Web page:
Rising calls for increased yuan use in C.Asia amid growing risk of dollar hegemony
Move will be more convenient, less risky: businesses
Published: Sep 21, 2022 11:12 PM
The 7th China-Eurasia Expo. Photo: cnsphoto

The 7th China-Eurasia Expo. Photo: cnsphoto

Companies attending the 7th China-Eurasia Expo in Urumqi, Northwest China's Xinjiang region said the increased use of the yuan in cross-border trade in Central Asia is making business more convenient and reducing foreign exchange risks stemming from the use of the US dollar, and they called for more arrangements to allow yuan settlement in more countries.

Experts said the yuan's internationalization process has been gaining pace of late, with the freshly announced agreement between China's central bank and the central bank of Kazakhstan to establish yuan-clearing arrangements in Kazakhstan on Tuesday.

Zhang Sixin, chairman of a logistics company based in Xinjiang, said that his company has increased the use of the yuan as the cross-border settlement currency. Just recently, his company forwarded 3.5 million yuan ($496,500) to partners in Kazakhstan via a Chinese bank. 

Zhang said foreign exchange gains or losses pose a risk to the company's operations, recalling an "incident" in which the company lost 70,000 yuan due to a delay of several hours. "So, we value such service dearly," he said.

Zhang Hongping, chairwoman of the Xinjiang-based Ya'ou International Materials Exchange Center Co, told the Global Times on the sidelines of the expo on Wednesday that for her company, which is engaged in the cross-border trading of commodities, the availability of cross-border yuan settlement would be a huge boon.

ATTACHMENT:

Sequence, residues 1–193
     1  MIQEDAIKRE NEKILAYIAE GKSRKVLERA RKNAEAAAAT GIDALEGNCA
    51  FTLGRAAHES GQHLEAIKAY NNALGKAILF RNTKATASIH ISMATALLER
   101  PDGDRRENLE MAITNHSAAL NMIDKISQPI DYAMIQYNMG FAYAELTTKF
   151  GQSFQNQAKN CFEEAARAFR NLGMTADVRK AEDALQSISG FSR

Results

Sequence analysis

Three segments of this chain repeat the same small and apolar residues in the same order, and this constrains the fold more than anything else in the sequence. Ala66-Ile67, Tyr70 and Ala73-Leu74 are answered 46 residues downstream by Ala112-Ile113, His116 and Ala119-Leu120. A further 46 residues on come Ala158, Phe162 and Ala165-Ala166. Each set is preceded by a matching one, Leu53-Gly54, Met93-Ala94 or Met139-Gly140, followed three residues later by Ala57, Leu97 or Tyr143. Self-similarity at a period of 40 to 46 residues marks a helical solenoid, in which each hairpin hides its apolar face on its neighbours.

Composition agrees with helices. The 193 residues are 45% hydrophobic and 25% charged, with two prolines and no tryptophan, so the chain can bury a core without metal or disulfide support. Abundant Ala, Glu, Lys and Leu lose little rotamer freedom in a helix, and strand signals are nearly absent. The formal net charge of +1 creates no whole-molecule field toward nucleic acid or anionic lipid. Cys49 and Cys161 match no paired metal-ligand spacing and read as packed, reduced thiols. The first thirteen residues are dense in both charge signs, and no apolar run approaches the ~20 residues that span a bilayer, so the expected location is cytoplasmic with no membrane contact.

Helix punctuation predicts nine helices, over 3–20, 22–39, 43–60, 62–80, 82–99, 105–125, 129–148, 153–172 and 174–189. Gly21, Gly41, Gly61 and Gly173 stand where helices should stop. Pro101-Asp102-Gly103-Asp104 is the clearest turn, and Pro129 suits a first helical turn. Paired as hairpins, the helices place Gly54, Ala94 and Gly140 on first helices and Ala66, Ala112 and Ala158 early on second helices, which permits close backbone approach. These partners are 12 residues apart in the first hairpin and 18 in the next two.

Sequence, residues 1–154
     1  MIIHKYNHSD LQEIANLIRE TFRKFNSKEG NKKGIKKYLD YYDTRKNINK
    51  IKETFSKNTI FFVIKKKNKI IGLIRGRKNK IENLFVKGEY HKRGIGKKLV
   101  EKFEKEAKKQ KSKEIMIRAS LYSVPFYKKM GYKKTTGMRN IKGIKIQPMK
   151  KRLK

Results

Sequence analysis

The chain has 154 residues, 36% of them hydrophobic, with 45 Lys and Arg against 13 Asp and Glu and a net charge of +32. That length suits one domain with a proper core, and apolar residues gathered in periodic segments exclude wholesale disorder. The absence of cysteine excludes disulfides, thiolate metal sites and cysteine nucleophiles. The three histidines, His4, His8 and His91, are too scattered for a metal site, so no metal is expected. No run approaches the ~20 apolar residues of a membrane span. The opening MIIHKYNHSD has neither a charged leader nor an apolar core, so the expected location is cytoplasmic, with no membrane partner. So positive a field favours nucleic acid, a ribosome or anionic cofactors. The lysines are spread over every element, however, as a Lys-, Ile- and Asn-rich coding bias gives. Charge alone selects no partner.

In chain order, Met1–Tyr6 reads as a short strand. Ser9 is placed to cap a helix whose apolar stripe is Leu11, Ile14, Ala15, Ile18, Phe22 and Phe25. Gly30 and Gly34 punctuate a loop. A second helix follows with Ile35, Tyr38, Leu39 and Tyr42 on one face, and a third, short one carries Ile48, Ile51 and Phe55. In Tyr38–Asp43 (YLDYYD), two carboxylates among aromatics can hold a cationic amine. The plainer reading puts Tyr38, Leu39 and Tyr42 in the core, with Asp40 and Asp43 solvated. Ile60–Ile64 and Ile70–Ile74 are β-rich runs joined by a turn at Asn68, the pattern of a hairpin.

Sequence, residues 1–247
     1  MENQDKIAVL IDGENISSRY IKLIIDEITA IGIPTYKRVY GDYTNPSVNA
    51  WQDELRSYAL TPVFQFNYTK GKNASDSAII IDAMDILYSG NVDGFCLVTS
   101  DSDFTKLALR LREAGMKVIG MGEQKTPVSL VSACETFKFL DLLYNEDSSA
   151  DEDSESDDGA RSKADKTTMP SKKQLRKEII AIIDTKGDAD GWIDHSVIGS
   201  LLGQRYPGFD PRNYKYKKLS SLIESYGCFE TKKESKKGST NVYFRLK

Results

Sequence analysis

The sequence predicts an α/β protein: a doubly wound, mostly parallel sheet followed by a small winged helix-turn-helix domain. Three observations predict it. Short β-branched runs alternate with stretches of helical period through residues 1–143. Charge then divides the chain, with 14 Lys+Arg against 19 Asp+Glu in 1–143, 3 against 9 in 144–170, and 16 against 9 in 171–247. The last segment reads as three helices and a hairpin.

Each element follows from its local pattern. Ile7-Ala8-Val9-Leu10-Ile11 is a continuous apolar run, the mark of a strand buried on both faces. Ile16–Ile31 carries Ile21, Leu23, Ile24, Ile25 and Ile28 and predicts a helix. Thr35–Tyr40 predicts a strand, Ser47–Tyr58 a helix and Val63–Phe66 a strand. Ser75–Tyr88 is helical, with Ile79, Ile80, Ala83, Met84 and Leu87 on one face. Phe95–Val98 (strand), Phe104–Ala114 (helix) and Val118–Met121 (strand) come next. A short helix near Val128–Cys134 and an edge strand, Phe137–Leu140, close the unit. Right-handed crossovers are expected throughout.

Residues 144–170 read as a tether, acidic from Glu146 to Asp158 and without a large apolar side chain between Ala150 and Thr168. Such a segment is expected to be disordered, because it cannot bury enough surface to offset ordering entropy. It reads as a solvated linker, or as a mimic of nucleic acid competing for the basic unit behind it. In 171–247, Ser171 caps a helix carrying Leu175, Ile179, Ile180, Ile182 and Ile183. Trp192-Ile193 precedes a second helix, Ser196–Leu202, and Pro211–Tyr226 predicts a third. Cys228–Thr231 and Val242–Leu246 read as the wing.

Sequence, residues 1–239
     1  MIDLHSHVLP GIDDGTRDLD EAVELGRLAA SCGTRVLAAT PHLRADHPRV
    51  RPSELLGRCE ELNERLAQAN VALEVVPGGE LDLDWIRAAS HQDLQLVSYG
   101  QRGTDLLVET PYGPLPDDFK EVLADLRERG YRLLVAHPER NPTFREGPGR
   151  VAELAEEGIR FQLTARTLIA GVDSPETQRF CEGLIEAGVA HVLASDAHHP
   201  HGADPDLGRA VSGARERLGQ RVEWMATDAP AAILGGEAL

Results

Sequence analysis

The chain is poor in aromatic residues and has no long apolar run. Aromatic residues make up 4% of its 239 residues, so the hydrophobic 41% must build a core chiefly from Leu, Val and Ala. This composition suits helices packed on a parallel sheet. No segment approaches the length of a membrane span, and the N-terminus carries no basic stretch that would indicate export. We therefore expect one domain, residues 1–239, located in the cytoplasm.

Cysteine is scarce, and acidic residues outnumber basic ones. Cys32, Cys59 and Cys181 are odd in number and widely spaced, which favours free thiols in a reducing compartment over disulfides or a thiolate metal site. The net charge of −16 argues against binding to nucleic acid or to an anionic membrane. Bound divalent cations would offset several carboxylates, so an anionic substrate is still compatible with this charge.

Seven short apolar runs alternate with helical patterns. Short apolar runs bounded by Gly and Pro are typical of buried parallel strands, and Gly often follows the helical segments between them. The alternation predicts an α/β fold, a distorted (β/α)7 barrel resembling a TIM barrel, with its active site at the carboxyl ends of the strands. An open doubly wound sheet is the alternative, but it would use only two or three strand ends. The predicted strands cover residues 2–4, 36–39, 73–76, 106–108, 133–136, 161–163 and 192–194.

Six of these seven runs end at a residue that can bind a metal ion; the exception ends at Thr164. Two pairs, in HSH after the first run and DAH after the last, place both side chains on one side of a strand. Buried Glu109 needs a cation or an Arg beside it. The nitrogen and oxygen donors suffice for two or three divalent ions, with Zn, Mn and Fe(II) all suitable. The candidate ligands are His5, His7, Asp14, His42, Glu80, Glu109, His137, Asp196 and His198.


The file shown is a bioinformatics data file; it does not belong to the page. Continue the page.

"Such an idea has been more frequently pondered in recent months, and our cooperation partners - the exchanges in Uzbekistan and Belarus - also agree to include yuan settlement once conditions are ripe," Zhang said, noting that for the settlement of commodities such as timber, minerals and consumer goods, switching to the yuan would greatly benefit the exchange.

Zhang's exchange is trying to tie up with exchanges in Uzbekistan and Belarus and form an exchange alliance from member countries of the Shanghai Cooperation Organisation (SCO), and she noted that it would be great to have yuan settlement in the network.

Xinjiang could play an important role in expanding use of yuan in cross-border settlements with Central Asian countries, analysts said. 

In 2021, Xinjiang's cross-border yuan settlements soared 19.5 percent year-on-year to 49.27 billion yuan. 

Cross-border settlements with neighboring countries jumped by 71.6 percent, according to a March report by domestic news portal

Amid rising geopolitical risks, the talk of using the yuan as a settlement currency in Central Asia has received rising attention.

Djoomart Otorbaev, former prime minister of the Kyrgyz Republic and a distinguished professor of the Belt and Road School of Beijing Normal University, wrote in an article in April on CGTN that it would be unwise to continue to use the US dollar in financial transactions in Central Asia.